• Memories of places, smells, moments

    There are times in life when memories are all we have.

    My late mother always cried when she heard Tony Bennett sing “I Left My Heart in San Francisco.”

    I had no idea why her dark eyes would fill with tears. She never went to San Francisco. Never met Tony Bennett.

    But there was something about that song that stirred deep emotions in her, so she bawled.

    It’s one of the many things I remember in my childhood.

  • Black History Month a reminder of past wrongs - one in particular

    February is Black History Month, probably as good a time as any to let Skip know I’m sorry, even though the offense committed against him occurred nearly 50 years ago.

    The memory is as vivid as the permanent stain put on our society by the way black people have been treated for decades.

    My rural Kentucky hometown was probably little different than most other small communities across the South in 1959.

  • Heart attacks can strike anyone of any age, anytime

    The elderly man hunched over from age, shuffling down the sidewalk.

    The older lady in the wheelchair with oxygen feeding through her nostrils.

    That’s the face of heart disease in America, isn’t it?

    Look at the face on this column mug. A healthy-looking 40-year-old woman.

    That’s also the face of heart disease — and a heart attack survivor.

  • Beshear's budget address harsh yet uplifting

    Gov. Steve Beshear demonstrated both boldness and restraint in his budget address this week in dealing with the cold, harsh reality” of the double whammy of sad sack — the unenviable position left him by his disgraced predecessor coupled with winds of recession caused by the failed policies of the Bush administration.

    In good news for our region, indeed for the entire state, the new governor spit in the eye of doomsday by calling for major investment to Fort Knox.

  • Yoga a welcome end to winter doldrums

    After much hemming and hawing, I decided to start taking a yoga class. It’s something I had been thinking about for some time, but finally decided to take the plunge.

    As winter has set in, my life has in some ways mimicked that of the animals in the forest — although I only wish I could be in a deep sleep, nestled in some cave or den, biding my time in hibernation until the food supply is once again abundant and spring has brought the hustle and bustle of nature back to life.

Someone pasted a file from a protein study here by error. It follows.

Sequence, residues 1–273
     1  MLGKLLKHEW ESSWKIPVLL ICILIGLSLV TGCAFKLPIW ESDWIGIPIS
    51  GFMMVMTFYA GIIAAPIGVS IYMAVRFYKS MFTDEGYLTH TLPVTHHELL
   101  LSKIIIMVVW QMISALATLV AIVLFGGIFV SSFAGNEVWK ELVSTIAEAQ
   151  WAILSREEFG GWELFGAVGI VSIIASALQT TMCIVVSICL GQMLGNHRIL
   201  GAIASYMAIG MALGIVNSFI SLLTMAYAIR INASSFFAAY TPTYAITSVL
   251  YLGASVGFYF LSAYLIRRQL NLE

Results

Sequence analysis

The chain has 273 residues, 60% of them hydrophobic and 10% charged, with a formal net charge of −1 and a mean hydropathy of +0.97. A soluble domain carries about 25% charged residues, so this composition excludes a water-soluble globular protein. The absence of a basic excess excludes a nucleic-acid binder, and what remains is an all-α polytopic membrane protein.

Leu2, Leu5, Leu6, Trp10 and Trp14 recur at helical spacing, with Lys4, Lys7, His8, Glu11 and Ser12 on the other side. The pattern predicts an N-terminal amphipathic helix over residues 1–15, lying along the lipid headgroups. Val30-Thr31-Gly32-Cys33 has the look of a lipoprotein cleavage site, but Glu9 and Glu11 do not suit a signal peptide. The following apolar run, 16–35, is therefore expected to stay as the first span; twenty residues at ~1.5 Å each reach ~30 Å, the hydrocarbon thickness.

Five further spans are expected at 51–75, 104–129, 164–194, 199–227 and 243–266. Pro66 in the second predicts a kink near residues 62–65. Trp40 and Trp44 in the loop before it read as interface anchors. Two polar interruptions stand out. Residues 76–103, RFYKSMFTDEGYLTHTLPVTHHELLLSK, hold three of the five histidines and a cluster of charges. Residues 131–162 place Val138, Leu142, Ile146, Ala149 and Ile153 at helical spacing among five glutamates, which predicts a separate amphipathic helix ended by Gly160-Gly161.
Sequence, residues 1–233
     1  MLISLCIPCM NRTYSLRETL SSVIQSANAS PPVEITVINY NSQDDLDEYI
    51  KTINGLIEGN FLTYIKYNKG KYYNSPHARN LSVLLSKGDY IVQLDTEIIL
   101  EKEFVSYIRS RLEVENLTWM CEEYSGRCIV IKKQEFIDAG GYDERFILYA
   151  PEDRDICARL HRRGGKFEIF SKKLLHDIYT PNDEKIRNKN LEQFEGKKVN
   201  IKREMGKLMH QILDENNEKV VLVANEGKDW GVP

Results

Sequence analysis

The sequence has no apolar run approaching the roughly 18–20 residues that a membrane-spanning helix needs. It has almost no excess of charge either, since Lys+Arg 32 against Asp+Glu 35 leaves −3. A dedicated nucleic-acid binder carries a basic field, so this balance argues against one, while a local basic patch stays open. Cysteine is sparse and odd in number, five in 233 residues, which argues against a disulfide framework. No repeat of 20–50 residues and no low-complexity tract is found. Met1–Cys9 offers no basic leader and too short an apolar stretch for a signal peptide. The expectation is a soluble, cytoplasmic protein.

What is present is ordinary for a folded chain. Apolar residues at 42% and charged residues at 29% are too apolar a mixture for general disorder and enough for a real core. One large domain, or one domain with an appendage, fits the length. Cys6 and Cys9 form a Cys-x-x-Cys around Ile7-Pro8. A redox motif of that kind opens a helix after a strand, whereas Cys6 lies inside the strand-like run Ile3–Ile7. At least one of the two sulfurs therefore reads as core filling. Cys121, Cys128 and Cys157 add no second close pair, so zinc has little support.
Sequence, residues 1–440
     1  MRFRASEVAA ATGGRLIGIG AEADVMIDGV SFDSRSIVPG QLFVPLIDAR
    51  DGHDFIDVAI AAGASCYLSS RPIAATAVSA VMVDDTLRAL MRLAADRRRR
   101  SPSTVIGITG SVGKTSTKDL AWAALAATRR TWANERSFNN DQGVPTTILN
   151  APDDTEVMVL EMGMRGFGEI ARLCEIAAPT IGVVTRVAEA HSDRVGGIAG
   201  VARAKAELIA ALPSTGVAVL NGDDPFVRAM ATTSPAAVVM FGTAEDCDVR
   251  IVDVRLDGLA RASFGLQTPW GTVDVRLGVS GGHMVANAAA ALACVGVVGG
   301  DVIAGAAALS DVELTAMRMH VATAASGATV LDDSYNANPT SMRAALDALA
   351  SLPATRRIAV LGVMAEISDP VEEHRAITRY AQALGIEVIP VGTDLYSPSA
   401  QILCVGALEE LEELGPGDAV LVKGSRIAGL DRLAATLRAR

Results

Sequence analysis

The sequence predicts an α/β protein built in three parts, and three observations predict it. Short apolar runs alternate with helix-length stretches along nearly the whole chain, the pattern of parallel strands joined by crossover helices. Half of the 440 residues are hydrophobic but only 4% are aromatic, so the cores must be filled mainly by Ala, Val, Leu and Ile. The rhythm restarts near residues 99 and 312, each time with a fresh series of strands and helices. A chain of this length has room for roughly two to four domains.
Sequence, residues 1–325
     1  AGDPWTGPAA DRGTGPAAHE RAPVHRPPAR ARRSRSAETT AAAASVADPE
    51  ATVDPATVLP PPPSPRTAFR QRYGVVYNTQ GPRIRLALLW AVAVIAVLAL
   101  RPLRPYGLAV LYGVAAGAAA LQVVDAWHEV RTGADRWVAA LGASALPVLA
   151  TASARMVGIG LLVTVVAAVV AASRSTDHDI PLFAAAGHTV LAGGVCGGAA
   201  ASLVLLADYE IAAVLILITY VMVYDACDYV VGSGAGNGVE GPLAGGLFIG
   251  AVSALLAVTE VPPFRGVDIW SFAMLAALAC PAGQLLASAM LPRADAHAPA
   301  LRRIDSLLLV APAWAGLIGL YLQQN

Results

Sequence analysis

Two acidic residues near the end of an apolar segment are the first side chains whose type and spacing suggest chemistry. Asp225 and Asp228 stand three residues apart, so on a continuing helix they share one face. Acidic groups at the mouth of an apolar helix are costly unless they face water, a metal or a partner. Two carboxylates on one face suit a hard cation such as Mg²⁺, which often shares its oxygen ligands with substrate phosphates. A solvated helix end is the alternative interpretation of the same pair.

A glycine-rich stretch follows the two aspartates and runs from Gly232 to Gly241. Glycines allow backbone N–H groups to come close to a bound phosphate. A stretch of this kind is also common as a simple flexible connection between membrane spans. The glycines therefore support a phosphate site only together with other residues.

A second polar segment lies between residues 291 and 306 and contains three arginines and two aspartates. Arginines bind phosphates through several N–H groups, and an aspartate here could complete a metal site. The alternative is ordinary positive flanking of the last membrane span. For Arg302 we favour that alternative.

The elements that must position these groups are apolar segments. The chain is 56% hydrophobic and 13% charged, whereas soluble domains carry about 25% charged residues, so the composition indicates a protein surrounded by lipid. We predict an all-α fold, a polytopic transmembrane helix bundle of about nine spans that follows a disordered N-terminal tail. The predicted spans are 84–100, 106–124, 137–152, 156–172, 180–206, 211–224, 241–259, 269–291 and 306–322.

• Don't put yourself at the bottom of your list

    A friend, Lynda, called me Sunday to get some help with her dissertation. She is finishing a doctorate in psychology and plans to survey mental health professionals on how often they practice self care. She wanted me to help categorize her survey questions.

  • Should people of all backgrounds get involved

    With sincerity, someone recently asked me the above question.

    Why indeed would a person of faith feel inclined or called to follow the work of Kentucky’s General Assembly or contact any of our Kentucky representatives and senators or our governor?

    A fundamental point in my reflections was we are blessed to be living in a democracy “of the people, by the people and for the people,” and at this time in human history in Kentucky, those “people” are us.

  • Writers' strike is good, TV viewing is bad

    To you, my brothers and sisters in the Writers Guild of America, just a few thoughts on why I completely understand and support you in the strike that began Nov. 5, 2007.

    The matter at hand deals with numerous intangibles. There is the renegotiation of contracts that occurs every three years, the ever-expanding popularity of Internet programming and the mountains of loot being made from the sale of DVD-repackaged TV shows, movies and the like.

  • Bill Clinton over the top in defending wife

    Six months ago, Bill Clinton seemed to be settling comfortably into roles befitting a silver-maned former president: statesman, philanthropist, philosopher-king. Now he has put all that high-mindedness on hold — maybe it was never such a great fit, after all — to co-star in his wife Hillary’s campaign as a coldblooded political hit man.

  • Let's act locally to help improve Earth's health

    We are all truly interconnected. Out of that interconnection has come the adage, “Think globally, but act locally.” Acting locally can and does affect our bigger reality — whether we think about that often or not.

    Jan. 14 was a special moment in this interconnection. The Washington Post carried a major article by Marc Kaufman, “Escalating Ice Loss Found in Antarctica.”

    He reports on the newest information about changes in our Earth home, specifically in Antarctica.